Your payment plan may or may not include some money to pay towards your “general unsecured” debts. This includes the unsecured part of the 2012 tax and all of the 2013 tax. How much, if any, you’d pay on these would mostly depends on what you could afford to do so, after paying the other taxes. The secured part of the 2012 tax and the 2014 “priority” tax debts would usually get paid in full before the “general unsecured” debts would receive anything.

The End of the Chapter 13 Case

At the end of your successful Chapter 13 case the following would happen:  

  • Having by that point paid off the $5,000 secured part of the 2012 tax debt, the unpaid portion of the remaining $3,000 would be forever discharged.
  • The unpaid portion of the 2013 tax debt would also be discharged.
  • Having by that point paid off the $8,000 “priority” tax debt, any interest and penalties that would have accumulated on that tax would be forever waived.
  • With all your tax debts either paid or discharged, there’d be no further risk of a lien against your home from that tax.
  • You’d be tax-debt-free, and altogether debt-free (except for long-term debt like your home mortgage).

Chapter 7 Permanently Prevents Tax Liens against Your Home

October 16th, 2017 at 7:00 am

Filing a Chapter 7 case prevents tax liens from hitting your home, and so avoids a dischargeable tax from turning into one you must pay. 

 

Our last blog post was about how filing a Chapter 7 case buys you time with debts on your home. It’s worth expanding on one of those Chapter 7 benefits, one that can go way beyond buying time. It could save you a lot of money, potentially many thousands of dollars.

The Dischargeable Income Tax Scenario

Filing a Chapter 7 bankruptcy can discharge certain, usually older, income tax debts. (See our blog post of this last September 22 about the conditions for writing off income taxes in bankruptcy.) If you file a Chapter 7 case before a tax lien is recorded on a dischargeable tax debt, then that will prevent the IRS or state tax authority from recording that lien against your home. The tax will then be discharged (permanently written off) about 4 months of your bankruptcy filing. After that the IRS/state can never record a lien or take any other collection action on the tax. It’s gone forever, and the threat of a lien against your home is also gone forever.

The Very Bad Alternative

What happens instead if the IRS or state records a lien against your home before you file bankruptcy?

Assume you’d have some equity in your home but no more than the homestead exemption. (That’s the amount of equity that’s protected from most creditors in bankruptcy—the specific amount varies state to state.) If you’d owe a tax debt that would qualify for discharge and the IRS/state had recorded a lien on that debt against your home, that lien would continue on after you’d complete your bankruptcy case. Your homestead exemption would not help with a tax lien. That lien would continue to encumber the equity you have in your home. You’d have to pay the lien in full when you’d sell or refinance your home. The lien would effectively turn a debt that you could have discharged within a few months after filing bankruptcy into an anchor attached to your home.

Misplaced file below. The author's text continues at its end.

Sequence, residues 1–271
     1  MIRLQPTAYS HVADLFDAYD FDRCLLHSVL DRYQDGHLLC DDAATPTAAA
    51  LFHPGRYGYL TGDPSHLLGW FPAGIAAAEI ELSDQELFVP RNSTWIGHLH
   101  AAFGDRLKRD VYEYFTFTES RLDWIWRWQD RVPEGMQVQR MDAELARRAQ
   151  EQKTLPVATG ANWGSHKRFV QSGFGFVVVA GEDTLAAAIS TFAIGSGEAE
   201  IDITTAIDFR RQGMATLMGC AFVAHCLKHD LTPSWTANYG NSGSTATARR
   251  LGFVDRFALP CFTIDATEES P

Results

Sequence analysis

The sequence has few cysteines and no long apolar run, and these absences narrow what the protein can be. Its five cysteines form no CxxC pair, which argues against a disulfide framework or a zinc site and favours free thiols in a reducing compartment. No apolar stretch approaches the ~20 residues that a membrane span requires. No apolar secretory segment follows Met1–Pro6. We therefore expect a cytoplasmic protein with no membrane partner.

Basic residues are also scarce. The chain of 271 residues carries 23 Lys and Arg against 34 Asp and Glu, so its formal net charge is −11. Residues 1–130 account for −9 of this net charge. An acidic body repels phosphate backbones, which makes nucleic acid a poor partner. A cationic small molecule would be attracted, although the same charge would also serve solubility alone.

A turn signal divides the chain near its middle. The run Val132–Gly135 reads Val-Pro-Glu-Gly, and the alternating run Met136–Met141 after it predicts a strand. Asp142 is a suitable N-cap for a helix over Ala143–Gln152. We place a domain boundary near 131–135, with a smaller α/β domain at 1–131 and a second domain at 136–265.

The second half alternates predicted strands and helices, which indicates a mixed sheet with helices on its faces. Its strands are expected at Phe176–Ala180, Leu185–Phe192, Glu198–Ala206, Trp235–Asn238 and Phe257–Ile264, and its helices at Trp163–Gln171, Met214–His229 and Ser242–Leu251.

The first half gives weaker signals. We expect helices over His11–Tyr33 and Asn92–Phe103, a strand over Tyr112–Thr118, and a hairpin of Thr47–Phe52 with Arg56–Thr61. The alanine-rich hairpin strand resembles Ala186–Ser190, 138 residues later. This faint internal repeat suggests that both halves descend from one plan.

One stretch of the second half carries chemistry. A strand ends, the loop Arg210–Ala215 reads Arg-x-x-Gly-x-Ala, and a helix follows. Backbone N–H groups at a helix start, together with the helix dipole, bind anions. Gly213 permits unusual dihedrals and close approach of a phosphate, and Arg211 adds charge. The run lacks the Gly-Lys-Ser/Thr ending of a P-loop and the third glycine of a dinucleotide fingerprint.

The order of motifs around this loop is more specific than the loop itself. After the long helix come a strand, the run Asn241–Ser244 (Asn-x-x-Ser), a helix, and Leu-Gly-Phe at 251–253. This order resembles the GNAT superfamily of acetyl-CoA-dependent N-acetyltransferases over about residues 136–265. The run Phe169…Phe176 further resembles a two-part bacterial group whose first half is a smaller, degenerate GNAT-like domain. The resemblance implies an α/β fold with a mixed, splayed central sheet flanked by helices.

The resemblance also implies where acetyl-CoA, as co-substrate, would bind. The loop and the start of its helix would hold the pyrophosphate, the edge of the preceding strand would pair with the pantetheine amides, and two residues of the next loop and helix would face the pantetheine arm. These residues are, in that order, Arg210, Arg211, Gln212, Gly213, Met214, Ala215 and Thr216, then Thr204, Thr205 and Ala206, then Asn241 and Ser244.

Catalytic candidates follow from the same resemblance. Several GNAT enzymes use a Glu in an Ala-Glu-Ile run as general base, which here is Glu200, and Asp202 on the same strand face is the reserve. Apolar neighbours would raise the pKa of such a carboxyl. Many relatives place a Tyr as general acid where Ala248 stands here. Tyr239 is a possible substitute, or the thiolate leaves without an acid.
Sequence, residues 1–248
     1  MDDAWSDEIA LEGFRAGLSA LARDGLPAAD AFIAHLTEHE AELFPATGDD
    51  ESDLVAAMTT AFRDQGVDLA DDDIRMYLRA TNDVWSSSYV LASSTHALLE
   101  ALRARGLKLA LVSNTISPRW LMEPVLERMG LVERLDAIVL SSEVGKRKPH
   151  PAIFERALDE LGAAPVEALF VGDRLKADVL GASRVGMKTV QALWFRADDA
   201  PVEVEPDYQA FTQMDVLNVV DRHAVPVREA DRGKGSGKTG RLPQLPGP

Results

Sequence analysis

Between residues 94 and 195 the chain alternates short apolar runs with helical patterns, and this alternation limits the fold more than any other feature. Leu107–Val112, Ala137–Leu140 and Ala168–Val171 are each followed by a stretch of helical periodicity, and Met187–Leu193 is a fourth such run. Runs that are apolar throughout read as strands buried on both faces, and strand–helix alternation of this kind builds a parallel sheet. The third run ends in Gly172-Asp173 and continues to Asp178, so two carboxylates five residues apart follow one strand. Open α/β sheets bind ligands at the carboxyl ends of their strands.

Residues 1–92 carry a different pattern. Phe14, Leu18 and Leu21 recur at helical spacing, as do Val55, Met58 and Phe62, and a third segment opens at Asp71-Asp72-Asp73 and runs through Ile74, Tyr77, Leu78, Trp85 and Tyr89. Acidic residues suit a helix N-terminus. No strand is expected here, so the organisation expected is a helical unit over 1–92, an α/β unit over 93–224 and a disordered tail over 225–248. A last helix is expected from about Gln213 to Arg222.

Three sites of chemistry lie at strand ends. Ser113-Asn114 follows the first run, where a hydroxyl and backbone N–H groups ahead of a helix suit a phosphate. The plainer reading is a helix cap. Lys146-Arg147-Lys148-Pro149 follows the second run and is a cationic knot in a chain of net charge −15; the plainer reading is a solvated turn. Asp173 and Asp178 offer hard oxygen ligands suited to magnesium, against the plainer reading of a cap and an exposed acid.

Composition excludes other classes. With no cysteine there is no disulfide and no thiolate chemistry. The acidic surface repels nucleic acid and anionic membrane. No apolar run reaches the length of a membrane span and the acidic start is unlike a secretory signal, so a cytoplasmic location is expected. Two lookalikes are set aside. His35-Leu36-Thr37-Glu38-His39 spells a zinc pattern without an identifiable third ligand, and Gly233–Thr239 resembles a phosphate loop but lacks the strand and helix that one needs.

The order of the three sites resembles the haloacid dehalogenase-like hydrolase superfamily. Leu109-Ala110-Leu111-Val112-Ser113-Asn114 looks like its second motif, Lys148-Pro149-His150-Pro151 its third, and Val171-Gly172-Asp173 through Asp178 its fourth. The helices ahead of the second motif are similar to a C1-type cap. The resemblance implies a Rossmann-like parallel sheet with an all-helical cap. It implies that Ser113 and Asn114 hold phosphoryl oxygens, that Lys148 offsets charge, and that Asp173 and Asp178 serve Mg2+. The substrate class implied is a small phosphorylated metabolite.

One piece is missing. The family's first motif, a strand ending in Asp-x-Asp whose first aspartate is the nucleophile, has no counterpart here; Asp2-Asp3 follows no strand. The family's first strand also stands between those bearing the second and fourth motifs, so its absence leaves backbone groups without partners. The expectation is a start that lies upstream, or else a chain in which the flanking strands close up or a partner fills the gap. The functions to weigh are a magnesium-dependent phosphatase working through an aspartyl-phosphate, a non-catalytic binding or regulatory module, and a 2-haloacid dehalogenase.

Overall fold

Assume instead that you’d have no equity in your home. The IRS/state would probably still want to keep its lien against your home. The lien would at the time have no equity to encumber but the lien would still attach to your title. Later the IRS/state could likely renew the lien, leaving it on your home’s title for a very long time. Odds are you’d be forced to pay the tax at some point, maybe when your home’s value increased enough. Instead of you getting the benefit of that equity, it would go to pay a tax that you could have discharged long before, if you’d just filed a bankruptcy case before the tax lien hit your home.

An Example

Let’s say you owe $6,000 in income tax for the 2012 tax year and $3,000 for the 2013 tax year. And this is after you’d paid monthly instalment payments for years. Those amounts include a lot of interest and tax penalties. Assume that both of these tax debts qualify for bankruptcy discharge. (This would mostly be because enough time has passed since their tax returns were due and actually submitted.) Assume also that you own a home worth $250,000 with a $225,000 mortgage. That $25,000 of equity is fully covered by your state’s $30,000 homestead exemption.

The following would happen if you filed a Chapter 7 case with your bankruptcy lawyer before any tax lien was recorded:

  • The “automatic stay” from the bankruptcy filing would immediately prevent the IRS/state from recording a tax lien on your home (or on anything else you own). Your home and its equity would be immediately protected.
  • Both the $6,000 2012 tax debt and the $3,000 2013 one would be discharged about 4 months later.
  • The IRS/state could never file a tax lien on these taxes ever again. They could take no further collection action of any sort. The $9,000 debt would be gone. The IRS’s/state’s ability to attach that debt to your home would be gone as well.

Instead the following would happen if the IRS/state HAD recorded tax liens on both years before you filed a Chapter 7 case:

  • The tax lien recorded against your home would continue on after you filed bankruptcy.
  • The IRS/state would get paid on those liens whenever you sold or refinanced your home, potentially many years later.
  • You would very likely pay $9,000—plus likely lots more interest and penalties—to the IRS/state that otherwise you would not have needed to pay.

 

The Tax Exceptions to the Automatic Stay

October 24th, 2016 at 7:00 am